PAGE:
Twin towns and sister cities
Mozhaysk is twinned with:
- Château-du-Loir, France
- Drochtersen, Germany
- Etropole, Bulgaria
- Lohja, Finland
- Pereiaslav-Khmelnytskyi, Ukraine
- Ujazd, Poland
- Vileyka, Belarus
- "Всероссийская перепись населения 2010 года. Том 1" [2010 All-Russian Population Census, vol. 1]. Всероссийская перепись населения 2010 года (2010 All-Russia Population Census) (in Russian). Federal State Statistics Service. 2011. Retrieved June 29, 2012.
- Правительство Российской Федерации. Постановление №725 от 31 августа 2011 г. «О составе территорий, образующих каждую часовую зону, и порядке исчисления времени в часовых зонах, а также о признании утратившими силу отдельных Постановлений Правительства Российской Федерации». Вступил в силу по истечении 7 дней после дня официального опубликования. Опубликован: "Российская Газета", №197, 6 сентября 2011 г. (Government of the Russian Federation. Resolution #725 of August 31, 2011 On the Composition of the Territories Included into Each Time Zone and on the Procedures of Timekeeping in the Time Zones, as Well as on Abrogation of Several Resolutions of the Government of the Russian Federation. Effective as of after 7 days following the day of the official publication.).
- Alternative transliterations include Mozhaisk, Mozhajsk, Mozhaĭsk, and Možajsk.
- "Численность населения России, субъектов Российской Федерации в составе федеральных округов, районов, городских поселений, сельских населённых пунктов – районных центров и сельских населённых пунктов с населением 3 тысячи и более человек" [Population of Russia, its federal districts, federal subjects, districts, urban localities, rural localities—administrative centers, and rural localities with population of over 3,000]. Всероссийская перепись населения 2002 года (All-Russia Population Census of 2002) (in Russian). Federal State Statistics Service. May 21, 2004. Retrieved February 9, 2012.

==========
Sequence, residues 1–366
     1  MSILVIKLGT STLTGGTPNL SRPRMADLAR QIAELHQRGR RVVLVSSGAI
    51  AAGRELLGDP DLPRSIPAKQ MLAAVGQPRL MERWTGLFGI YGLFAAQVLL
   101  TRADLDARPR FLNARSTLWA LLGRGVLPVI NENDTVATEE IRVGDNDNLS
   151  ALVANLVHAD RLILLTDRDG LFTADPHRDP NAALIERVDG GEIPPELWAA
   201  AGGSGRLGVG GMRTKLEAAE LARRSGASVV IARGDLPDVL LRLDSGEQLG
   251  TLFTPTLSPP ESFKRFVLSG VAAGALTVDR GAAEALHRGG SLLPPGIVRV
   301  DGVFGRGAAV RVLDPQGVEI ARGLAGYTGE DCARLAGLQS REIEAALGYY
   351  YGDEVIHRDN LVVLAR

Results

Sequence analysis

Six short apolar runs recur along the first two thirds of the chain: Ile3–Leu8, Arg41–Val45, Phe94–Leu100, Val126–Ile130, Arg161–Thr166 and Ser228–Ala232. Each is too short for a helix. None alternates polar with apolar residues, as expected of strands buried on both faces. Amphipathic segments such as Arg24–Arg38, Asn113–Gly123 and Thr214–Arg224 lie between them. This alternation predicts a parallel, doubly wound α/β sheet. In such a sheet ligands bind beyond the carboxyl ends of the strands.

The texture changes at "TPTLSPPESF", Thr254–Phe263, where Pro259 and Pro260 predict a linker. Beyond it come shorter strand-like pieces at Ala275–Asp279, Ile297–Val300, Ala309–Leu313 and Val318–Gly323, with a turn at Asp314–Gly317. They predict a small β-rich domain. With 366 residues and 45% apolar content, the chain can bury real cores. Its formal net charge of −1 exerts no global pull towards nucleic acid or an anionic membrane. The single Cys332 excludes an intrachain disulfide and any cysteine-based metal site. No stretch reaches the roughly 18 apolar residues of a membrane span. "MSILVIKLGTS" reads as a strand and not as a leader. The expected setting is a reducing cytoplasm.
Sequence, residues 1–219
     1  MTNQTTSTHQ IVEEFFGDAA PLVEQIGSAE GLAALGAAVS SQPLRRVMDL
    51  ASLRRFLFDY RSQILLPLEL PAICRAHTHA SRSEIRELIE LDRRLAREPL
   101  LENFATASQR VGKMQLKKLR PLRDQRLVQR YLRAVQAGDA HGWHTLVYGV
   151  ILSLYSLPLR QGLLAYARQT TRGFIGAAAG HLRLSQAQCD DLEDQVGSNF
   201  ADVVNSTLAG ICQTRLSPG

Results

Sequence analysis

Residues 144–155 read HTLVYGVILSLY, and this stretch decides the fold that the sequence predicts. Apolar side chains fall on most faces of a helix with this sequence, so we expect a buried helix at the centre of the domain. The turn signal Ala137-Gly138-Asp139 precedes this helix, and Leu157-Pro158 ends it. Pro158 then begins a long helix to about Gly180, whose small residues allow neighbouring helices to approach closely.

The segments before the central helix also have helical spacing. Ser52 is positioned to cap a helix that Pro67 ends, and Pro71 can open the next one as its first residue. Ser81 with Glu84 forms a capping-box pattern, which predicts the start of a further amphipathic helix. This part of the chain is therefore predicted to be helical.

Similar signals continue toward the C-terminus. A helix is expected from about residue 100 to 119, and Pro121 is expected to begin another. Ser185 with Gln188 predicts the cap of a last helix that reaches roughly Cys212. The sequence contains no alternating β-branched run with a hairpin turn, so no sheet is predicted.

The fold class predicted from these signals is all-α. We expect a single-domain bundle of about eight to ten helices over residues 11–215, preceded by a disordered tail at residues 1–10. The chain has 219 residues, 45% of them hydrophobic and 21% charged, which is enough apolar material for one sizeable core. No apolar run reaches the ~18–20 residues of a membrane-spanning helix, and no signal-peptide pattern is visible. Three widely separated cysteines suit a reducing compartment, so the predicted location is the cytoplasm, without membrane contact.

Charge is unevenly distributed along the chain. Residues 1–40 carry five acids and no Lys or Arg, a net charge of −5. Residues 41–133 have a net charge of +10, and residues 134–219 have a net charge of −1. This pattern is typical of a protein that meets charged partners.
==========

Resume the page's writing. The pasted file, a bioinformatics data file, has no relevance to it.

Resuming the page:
- Demoscope Weekly (1989). "Всесоюзная перепись населения 1989 г. Численность наличного населения союзных и автономных республик, автономных областей и округов, краёв, областей, районов, городских поселений и сёл-райцентров." [All Union Population Census of 1989. Present population of union and autonomous republics, autonomous oblasts and okrugs, krais, oblasts, districts, urban settlements, and villages serving as district administrative centers]. Всесоюзная перепись населения 1989 года (All-Union Population Census of 1989) (in Russian). Institute of Demographics of the State University—Higher School of Economics. Retrieved February 9, 2012.
- Е. М. Поспелов. "Географические названия мира". Москва, 1998. Стр. 272
- Загнать за Можай (in Russian).